My current emphasis: how to make good habits and break bad ones (really)

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“Do the Most Important Thing of the Day First Thing in the Morning.”

debbie-stierHappiness and habits interview: Debbie Stier.

I got to know Debbie when she was working in book publishing, because she was one of the first people to go deep into the question of how online tools could help authors connect with readers.

We became friends, and when she started The Perfect Score Project, I followed her progress with delight on her blog. I love a project, I love Debbie’s approach to the world, and I was fascinated by her undertaking — to try to connect better with her teenage children through the SAT, and in the process, figure out the SAT.

Her book, The Perfect Score Project: Uncovering the Secrets of the SAT, just came out. It’s wonderful — a great read, even if you don’t care about the SAT, it’s just so much fun — and has been getting a crazy amount of buzz, from The New Yorker to the Today show.

Debbie thought a lot about habits during her work on The Perfect Score Project, so I was interested to hear what she’d learned.

Gretchen: What’s a simple habit that consistently makes you happier?

Debbie: Making my bed (hehe). Seriously, I read about “making the bed” in The Happiness Project, and I’ve made my bed every day since then.  Honestly,  it really does make me happier.

“Outer order means inner order,” as my agent, Lisa Gallagher, likes to say!

And of course, the big “E.” There is no denying that I feel consistently happier when I exercise. I shoot for 7 days a week and usually end up with 5.  Three of those 5 are “real” exercise, and two are “phone ins.”  The correlation is unmistakeable: the more I exercise, the better I feel. Period.

What’s something you know now about forming healthy habits that you didn’t know when you were 18 years old?

Do the most important thing of the day first thing in the morning.

I like to exercise in the morning because if I don’t do it then, my day can very easily slip away, and then I don’t do it at all.  And/or, those times when I leave exercising until nighttime are the “phone in” workouts. I don’t push myself at night.

The problem is that I also find morning to be best time for “the brain juice.” So, if I need to get something written or to deep think, I really hate to waste the best brain juice at the gym.

Bottom line: priorities change.  Mornings are reserved for those things I deem to be most important.

Do you have any habits that continually get in the way of your happiness?

Not that I can think of! The closest I can come is, “staying up too late.”  I shoot to be in bed by 11 p.m., but the truth is, I’m rarely in bed before 1 a.m. (eek), and since I’m a “morning person,” this doesn’t leave me with enough sleep.

Which habits are most important to you? (for heath, for creativity, for productivity, for leisure, etc.).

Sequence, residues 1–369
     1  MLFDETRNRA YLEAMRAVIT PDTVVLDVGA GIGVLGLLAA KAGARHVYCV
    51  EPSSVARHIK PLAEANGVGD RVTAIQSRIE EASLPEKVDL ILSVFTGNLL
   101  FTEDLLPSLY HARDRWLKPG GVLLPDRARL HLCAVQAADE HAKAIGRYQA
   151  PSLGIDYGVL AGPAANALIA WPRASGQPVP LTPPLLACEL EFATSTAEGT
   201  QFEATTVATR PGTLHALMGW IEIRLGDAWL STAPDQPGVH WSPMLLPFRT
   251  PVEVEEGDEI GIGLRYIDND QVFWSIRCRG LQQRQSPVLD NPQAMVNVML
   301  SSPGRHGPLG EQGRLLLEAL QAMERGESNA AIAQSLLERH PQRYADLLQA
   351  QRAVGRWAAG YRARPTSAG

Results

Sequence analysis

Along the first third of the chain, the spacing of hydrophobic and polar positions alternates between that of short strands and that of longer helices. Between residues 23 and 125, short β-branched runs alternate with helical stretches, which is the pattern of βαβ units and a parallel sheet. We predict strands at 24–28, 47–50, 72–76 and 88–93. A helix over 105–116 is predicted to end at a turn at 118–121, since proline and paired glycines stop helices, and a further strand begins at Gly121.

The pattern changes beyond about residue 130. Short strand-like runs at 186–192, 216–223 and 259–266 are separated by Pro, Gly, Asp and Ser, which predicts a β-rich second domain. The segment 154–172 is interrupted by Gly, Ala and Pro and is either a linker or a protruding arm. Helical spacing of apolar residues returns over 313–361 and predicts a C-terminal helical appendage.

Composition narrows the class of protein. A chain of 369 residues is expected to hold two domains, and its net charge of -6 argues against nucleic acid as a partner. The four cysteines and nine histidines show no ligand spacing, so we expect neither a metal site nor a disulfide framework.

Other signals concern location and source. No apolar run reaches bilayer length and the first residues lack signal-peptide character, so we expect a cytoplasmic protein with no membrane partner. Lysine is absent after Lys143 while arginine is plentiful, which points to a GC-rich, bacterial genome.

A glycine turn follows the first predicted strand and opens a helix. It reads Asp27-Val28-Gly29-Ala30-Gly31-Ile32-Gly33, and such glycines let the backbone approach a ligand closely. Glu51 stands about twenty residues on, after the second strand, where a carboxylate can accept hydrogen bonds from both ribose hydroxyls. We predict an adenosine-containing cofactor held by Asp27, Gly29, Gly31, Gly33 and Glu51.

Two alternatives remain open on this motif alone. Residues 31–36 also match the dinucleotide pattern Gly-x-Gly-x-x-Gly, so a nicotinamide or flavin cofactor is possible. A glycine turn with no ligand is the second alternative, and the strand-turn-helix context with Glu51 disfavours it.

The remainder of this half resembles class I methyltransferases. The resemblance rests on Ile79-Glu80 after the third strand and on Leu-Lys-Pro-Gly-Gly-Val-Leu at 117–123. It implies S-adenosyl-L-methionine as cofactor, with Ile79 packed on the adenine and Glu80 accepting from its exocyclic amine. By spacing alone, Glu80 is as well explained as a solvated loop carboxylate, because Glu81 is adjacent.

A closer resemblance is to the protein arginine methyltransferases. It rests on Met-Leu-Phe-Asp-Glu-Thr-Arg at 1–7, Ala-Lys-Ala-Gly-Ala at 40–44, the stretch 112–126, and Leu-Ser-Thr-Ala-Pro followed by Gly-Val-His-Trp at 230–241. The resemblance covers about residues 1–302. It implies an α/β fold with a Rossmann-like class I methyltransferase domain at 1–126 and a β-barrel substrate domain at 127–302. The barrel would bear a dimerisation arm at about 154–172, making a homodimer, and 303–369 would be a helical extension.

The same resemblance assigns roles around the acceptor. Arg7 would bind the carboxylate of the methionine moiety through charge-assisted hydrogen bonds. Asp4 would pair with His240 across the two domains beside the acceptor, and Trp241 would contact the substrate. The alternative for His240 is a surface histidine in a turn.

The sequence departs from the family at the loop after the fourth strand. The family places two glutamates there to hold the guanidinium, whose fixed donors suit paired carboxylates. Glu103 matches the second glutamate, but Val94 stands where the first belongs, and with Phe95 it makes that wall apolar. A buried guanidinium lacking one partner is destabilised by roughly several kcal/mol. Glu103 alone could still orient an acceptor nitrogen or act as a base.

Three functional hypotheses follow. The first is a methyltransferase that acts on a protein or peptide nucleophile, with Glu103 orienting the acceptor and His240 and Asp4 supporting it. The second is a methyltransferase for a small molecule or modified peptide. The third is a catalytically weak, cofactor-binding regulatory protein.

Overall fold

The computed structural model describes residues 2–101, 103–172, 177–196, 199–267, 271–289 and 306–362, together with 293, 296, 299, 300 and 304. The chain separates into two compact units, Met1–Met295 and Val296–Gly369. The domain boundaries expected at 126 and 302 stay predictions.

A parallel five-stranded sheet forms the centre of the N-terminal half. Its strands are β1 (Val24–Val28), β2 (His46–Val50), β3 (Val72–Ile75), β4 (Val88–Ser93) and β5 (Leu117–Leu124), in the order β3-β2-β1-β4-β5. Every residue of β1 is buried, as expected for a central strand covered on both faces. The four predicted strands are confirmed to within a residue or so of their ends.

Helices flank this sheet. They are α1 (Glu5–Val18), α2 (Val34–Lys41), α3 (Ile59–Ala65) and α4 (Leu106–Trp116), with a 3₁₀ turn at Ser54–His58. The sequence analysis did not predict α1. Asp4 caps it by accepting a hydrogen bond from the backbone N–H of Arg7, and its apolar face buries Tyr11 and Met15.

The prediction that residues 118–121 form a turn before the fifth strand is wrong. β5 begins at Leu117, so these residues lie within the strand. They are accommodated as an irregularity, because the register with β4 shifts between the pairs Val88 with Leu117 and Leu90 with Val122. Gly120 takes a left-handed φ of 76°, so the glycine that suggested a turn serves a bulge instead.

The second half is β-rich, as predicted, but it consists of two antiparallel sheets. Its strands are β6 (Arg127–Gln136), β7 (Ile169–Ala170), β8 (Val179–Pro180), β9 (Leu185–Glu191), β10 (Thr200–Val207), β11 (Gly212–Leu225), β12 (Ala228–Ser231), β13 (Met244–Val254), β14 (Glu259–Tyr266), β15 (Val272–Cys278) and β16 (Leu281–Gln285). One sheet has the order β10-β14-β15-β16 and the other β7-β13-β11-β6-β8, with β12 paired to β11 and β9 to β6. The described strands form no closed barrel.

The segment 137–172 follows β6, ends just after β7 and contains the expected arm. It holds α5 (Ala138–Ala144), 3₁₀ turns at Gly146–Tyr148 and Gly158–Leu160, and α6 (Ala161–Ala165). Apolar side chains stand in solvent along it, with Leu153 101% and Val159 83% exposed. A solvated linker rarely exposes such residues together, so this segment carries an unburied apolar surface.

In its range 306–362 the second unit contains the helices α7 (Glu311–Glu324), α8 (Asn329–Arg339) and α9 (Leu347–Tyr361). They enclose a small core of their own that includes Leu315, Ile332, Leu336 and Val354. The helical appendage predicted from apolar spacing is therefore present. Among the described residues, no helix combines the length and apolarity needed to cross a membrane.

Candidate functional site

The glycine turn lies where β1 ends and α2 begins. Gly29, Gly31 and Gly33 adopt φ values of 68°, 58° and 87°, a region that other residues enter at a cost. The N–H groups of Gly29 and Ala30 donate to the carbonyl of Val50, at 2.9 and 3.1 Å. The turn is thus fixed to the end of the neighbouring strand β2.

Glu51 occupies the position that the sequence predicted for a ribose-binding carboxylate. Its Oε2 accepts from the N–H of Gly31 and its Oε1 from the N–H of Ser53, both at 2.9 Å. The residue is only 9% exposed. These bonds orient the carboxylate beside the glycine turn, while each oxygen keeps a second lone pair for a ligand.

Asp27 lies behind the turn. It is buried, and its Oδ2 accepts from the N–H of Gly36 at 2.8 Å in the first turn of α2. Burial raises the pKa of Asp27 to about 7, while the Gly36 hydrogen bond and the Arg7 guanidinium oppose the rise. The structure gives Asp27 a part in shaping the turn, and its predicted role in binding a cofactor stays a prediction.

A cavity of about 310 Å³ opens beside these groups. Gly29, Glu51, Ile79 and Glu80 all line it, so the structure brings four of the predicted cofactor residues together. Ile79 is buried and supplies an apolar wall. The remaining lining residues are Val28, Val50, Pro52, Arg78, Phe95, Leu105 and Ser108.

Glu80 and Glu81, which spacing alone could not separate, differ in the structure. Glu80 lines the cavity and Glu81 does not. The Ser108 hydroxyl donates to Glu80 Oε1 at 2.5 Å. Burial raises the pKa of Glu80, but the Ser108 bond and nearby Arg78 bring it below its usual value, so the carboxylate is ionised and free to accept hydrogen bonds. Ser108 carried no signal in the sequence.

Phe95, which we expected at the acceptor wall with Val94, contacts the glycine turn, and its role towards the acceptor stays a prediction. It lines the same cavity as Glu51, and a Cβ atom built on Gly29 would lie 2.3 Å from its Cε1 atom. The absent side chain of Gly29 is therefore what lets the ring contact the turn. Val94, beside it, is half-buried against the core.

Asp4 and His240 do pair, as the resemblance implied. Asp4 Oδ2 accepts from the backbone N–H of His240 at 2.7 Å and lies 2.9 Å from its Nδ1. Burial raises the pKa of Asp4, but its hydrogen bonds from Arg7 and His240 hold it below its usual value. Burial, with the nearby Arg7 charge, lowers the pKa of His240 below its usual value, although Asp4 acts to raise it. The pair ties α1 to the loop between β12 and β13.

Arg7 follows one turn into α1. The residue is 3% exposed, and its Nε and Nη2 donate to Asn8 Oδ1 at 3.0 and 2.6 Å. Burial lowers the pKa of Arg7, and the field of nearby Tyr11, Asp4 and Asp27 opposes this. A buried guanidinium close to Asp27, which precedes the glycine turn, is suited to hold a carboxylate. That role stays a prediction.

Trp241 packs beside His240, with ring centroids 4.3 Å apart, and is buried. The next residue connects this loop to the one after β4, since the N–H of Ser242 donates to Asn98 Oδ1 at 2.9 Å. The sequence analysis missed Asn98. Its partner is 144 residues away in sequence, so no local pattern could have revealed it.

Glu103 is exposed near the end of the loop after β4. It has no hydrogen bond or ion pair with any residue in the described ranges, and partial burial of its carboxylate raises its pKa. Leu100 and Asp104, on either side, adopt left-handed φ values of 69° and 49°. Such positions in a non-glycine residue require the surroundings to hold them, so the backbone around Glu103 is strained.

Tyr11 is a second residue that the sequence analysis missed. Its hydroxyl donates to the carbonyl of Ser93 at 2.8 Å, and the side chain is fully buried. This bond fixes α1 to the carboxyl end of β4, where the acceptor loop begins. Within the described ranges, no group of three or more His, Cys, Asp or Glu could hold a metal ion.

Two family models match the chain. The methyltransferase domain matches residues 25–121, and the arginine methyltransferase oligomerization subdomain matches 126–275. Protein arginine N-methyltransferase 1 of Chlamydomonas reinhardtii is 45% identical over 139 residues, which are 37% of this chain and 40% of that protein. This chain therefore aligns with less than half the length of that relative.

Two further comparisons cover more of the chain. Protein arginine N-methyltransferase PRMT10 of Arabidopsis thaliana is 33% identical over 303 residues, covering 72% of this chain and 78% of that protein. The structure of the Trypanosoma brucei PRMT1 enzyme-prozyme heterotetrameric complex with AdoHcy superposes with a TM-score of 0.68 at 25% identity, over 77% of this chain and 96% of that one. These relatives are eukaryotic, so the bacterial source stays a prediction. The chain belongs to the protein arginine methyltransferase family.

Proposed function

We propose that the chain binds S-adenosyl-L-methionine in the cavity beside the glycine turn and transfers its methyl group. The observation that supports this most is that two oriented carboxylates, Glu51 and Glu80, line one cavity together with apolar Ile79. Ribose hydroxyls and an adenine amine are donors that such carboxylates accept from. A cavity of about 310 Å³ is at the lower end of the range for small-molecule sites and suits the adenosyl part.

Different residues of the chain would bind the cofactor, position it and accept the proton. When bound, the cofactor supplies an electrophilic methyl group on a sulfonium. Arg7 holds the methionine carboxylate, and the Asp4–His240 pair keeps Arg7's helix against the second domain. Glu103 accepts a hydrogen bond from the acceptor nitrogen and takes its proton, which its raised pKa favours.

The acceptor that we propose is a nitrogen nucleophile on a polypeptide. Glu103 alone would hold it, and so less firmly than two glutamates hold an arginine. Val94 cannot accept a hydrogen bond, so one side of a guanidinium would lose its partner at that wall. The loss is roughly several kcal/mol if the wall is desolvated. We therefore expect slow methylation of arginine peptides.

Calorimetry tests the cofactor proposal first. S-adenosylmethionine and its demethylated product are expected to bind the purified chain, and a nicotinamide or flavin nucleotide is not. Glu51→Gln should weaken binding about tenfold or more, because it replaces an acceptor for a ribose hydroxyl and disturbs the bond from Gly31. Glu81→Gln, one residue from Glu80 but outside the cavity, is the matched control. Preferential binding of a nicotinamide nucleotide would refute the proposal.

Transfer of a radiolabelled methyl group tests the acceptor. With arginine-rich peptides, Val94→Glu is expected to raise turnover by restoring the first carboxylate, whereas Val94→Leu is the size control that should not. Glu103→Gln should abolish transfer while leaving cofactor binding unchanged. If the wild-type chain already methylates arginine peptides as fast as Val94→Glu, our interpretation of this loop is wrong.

Watching 1-2 episodes of a funny sitcom right before bed with my kids.  We never end the day without watching a funny show together — ever. I find it to be good for the spirit to laugh together, right before bedtime.

At least 6 hours per night of sleep.

I try to eat healthy food. I’d say I’m about 75% successful!

Exercise!  I get in shape fast … and I get out of shape twice as fast.

And everything feels bad when I’m not in shape (i.e. clothes, mood, etc.).

Have you ever managed to gain a challenging healthy habit—or to break an unhealthy habit? If so, how did you do it?

Oh goodness, I’m always going in and out of habits. If I really want to make something happen, it goes on the #1-priority-when-I wake-up list.

The other trick I’ve used to get myself back into exercise is to buy nice gym clothes. I know, that sounds shallow, but if I have exercise clothes that I’m excited to wear, I’m more likely to do it.

Would you describe yourself as an Upholder, a Questioner, a Rebel, or an Obliger?

TOO HARD FOR ME TO ANSWER THIS BECAUSE I FEEL LIKE ALL OF THEM! [For what it's worth, I think Debbie is a Questioner.]

Does anything tend to interfere with your ability to keep your healthy habits? (e.g. travel, parties).

My inability to say no.  I’m a knee–jerk “yes” person, which means I over-extend.  I end every day feeling unaccomplished when the truth is that I usually accomplish a lot, but I bit off more than I could chew.

Also, I usually underestimate how long something will take to do.  I’m bad at estimating time.

Have you ever made a flash change, where you changed a major habit very suddenly, as a consequence of reading a book, a conversation with a friend, a milestone birthday, a health scare, etc.?

Not that I can think of.

I’ve made many changes as a result of reading a book or conversations with friends, but I can’t think of any “flash” changes.

Do you embrace habits or resist them?

I love habits (at least in theory).  I spend an inordinate amount of time attempting to maximize my life, searching for life hacks, etc. I’m obsessed with squeezing every drop out of every experience, so I’m always on the hunt for new systems and habits that’ll streamline.

Also, I love seeing and hearing about other people’s systems and habits.

Has another person ever had a big influence on your habits?

Catherine Johnson (blogger: Kitchen Table Math and co-author with Temple Grandin of Animals in Translation: Using the Mysteries of Autism to Decode Animal Behavior)!  She is “the queen of the system.”  You should visit her at her house and have her show you her systems – she is extraordinary and GREAT at “habits.”  One of my all-time favorite activities is to have Catherine tell me about her systems.

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